Microsoft Eats Its Own SharePoint 2010 Dog Food: 7 Lessons

In the tradition of 'eating your own dog food," Microsoft shares best practices that it learned while using Sharepoint 2010 for social networking and podcasting.

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Thu, June 17, 2010

CIO — If Microsoft (MSFT) is going to tell large global enterprises how to roll out a social networking platform, the folks in Redmond sure as heck better do it themselves.

So in the company's tradition of "eating your own dog food" (using your own products in-house), Microsoft has been using SharePoint 2010: MySites for individual profile pages and teamsites for product groups spread out around the world to share documents and collaborate.

Microsoft has also built various internal Web sites on SharePoint, such as a You Tube-like site for posting podcasts and videos (called "Academy Mobile" inside the company).

CEO Steve Ballmer has been known to shoot a video segment from his desk about how the company is doing and post it to Academy Mobile. The same goes for CIO Tony Scott's "fireside chat" videos enlightening salespeople on the needs of today's CIOs.

During the past two years, the number of Microsoft employees uploading content to the Academy Mobile site has more than quadrupled and the percentage of employees viewing podcasts on the site has gone from 10 percent to 50 percent.

Academy Mobile
Microsoft's YouTube-like internal podcasting site, called Academy Mobile.

Microsoft's experience building a social networking critical mass within the company has put it in a sharing mood. And at the Enterprise 2.0 conference this week in Boston, Christian Finn, Microsoft's Director for Collaboration and Enterprise Social Computing, shared advice for IT managers on how to roll out SharePoint sites make employees more productive, how to prove cost-savings to executives and how to get execs blogging (and maybe even podcasting like Steve B.).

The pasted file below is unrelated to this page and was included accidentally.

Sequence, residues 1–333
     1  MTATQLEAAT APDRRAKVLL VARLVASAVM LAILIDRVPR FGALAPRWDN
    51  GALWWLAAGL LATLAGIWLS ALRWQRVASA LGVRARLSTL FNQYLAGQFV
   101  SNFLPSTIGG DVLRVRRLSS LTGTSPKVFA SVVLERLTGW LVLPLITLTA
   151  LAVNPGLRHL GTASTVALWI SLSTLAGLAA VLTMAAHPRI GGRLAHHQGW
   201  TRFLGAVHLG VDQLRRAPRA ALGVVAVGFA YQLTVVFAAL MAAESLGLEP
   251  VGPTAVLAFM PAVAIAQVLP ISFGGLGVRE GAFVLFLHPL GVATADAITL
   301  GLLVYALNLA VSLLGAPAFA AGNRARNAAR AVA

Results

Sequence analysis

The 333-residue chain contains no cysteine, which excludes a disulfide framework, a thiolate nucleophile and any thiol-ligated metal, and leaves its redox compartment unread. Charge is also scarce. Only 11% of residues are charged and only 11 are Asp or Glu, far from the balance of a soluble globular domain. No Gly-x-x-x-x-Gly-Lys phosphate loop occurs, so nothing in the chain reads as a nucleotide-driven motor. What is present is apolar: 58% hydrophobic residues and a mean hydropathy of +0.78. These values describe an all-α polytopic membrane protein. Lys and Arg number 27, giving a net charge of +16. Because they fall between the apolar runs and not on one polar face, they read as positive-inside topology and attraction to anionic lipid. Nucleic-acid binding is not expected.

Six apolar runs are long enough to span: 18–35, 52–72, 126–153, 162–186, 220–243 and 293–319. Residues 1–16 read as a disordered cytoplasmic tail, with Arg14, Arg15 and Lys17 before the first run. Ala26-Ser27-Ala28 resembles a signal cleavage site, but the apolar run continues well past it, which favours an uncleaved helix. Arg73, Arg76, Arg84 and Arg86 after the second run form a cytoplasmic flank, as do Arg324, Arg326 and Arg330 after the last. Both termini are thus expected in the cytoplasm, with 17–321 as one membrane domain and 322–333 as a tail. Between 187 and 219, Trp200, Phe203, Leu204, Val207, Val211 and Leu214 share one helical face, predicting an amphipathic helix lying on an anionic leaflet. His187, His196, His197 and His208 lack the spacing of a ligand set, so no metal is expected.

Here are Finn's seven truths Microsoft has discovered about becoming a socially connected enterprise:

It's the User's Solution, Not Yours

Social networking is a democratic process, and you need to get feedback from users before deploying. Within Microsoft, the first feedback from employees was that they did not want the social networking platform to be VPN-based. They needed to have access to it without having to go through the corporate network. So Microsoft IT integrated its SharePoint sites with Windows Directory Services and placed some of them outside the firewall.

Employees also wanted to be able to flag for inappropriate content, so that feature was added.

Any social network should be rolled out in steps, says Finn, and companies should frequently get user feedback and adjust accordingly. Do not implement a whole platform upfront before you know what users want and need.

Solve a Problem, Don't Deploy a Technology

Instead of implementing a YouTube-like site for your company just because everyone else is doing it, pinpoint what business problem these tools could solve, such as helping a global workforce share more information faster through podcasting.

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